- Ying Shi
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We study racial bias and the persistence of first impressions in the context of education. Teachers who begin their careers in classrooms with large black-white score gaps carry negative views into evaluations of future cohorts of black students. Our evidence is based on novel data on blind evaluations and non-blind public school teacher assessments of fourth and fifth graders in North Carolina. Negative first impressions lead teachers to be significantly less likely to over-rate but not more likely to under-rate black students’ math and reading skills relative to their white classmates. Teachers' perceptions are sensitive to the lowest-performing black students in early classrooms, but non-responsive to highest-performing ones. This is consistent with the operation of confirmatory biases. Since teacher expectations can shape grading patterns and sorting into academic tracks as well as students’ own beliefs and behaviors, these findings suggest that novice teacher initial experiences may contribute to the persistence of racial gaps in educational achievement and attainment.
Classroom teachers in the US are absent on average approximately six percent of a school year. Despite the prevalence of teacher absences, surprisingly little research has assessed the key source of replacement instruction: substitute teachers. Using detailed administrative and survey data from a large urban school district, we document the prevalence, predictors, and variation of substitute coverage across schools. Less advantaged schools systematically exhibit lower rates of substitute coverage compared with peer institutions. Observed school, teacher, and absence characteristics account for only part of this school variation. In contrast, substitute teachers’ preferences for specific schools, mainly driven by student behavior and support from teachers and school administrators, explain a sizable share of the unequal distribution of coverage rates above and beyond standard measures in administrative data.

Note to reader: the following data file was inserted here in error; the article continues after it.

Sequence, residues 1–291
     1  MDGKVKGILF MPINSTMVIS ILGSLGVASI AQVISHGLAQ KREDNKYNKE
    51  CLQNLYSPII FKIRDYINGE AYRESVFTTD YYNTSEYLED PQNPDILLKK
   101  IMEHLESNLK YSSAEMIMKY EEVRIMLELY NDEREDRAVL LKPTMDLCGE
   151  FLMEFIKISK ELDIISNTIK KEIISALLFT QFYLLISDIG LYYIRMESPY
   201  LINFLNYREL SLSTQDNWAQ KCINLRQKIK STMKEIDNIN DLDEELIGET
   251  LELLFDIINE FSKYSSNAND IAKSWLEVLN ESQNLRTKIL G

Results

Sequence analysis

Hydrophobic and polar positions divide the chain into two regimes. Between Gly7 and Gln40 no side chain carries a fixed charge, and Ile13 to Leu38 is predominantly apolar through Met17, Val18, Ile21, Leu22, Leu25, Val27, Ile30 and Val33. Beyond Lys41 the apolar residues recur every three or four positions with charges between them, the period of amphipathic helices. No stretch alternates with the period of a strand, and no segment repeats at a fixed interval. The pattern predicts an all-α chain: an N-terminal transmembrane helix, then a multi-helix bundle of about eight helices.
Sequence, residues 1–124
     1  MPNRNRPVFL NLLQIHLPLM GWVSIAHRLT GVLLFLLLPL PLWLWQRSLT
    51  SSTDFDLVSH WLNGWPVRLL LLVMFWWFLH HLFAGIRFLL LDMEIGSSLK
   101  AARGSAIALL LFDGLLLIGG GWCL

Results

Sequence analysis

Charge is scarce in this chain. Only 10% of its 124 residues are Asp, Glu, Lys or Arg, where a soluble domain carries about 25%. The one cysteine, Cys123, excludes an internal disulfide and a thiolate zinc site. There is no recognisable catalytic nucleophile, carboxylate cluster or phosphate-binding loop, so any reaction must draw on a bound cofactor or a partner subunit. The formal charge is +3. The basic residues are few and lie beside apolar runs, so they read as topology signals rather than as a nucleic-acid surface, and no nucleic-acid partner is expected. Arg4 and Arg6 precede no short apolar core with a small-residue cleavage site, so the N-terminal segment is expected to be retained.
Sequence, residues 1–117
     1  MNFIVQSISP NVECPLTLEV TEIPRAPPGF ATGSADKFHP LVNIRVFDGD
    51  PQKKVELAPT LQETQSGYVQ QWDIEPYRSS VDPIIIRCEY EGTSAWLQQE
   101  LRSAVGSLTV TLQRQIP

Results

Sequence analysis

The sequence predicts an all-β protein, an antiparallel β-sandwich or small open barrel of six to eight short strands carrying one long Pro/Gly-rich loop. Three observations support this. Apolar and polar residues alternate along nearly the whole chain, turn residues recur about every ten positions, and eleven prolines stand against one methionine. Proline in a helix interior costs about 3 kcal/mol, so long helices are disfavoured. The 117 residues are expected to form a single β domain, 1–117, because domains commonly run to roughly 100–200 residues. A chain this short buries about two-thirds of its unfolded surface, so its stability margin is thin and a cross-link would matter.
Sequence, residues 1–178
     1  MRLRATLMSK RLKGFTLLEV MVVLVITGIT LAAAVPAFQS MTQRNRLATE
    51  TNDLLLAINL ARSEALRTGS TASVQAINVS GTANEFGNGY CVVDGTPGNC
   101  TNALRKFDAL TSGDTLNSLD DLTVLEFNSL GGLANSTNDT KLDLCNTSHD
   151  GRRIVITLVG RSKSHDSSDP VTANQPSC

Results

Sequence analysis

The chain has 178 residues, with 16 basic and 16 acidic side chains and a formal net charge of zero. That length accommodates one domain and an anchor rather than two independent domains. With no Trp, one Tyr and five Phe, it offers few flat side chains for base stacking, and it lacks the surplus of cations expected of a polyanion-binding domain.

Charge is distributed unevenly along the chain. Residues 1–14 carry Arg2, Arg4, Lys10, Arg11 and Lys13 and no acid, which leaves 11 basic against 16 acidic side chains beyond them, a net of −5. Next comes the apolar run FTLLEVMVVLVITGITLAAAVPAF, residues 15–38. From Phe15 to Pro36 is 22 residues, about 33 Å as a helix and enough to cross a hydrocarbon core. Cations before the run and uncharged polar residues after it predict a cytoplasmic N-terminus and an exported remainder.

In this paper, we study the roles of expertise and independence on governing boards in the context of education. In particular, we examine the causal influence of professional educators elected to local school boards on education production. Educators may bring valuable human capital to school district leadership, thereby improving student learning. Alternatively, the independence of educators may be distorted by interest groups. The key empirical challenge is that school board composition is endogenously determined through the electoral process. To overcome this, we develop and implement a novel research design that exploits California's randomized assignment of the order that candidates appear on election ballots. The insight of our empirical strategy is that ballot order effects generate quasi-random variation in the elected school board's composition. This approach is made possible by a unique dataset that combines election information about California school board candidates with district-level data on education inputs and outcomes. The results reveal that educators on the school board causally increase teacher salaries and reduce district enrollment in charter schools relative to other board members. We do not find accompanying effects on student test scores. We interpret these findings as consistent with educators on school boards shifting bargaining in favor of teachers' unions.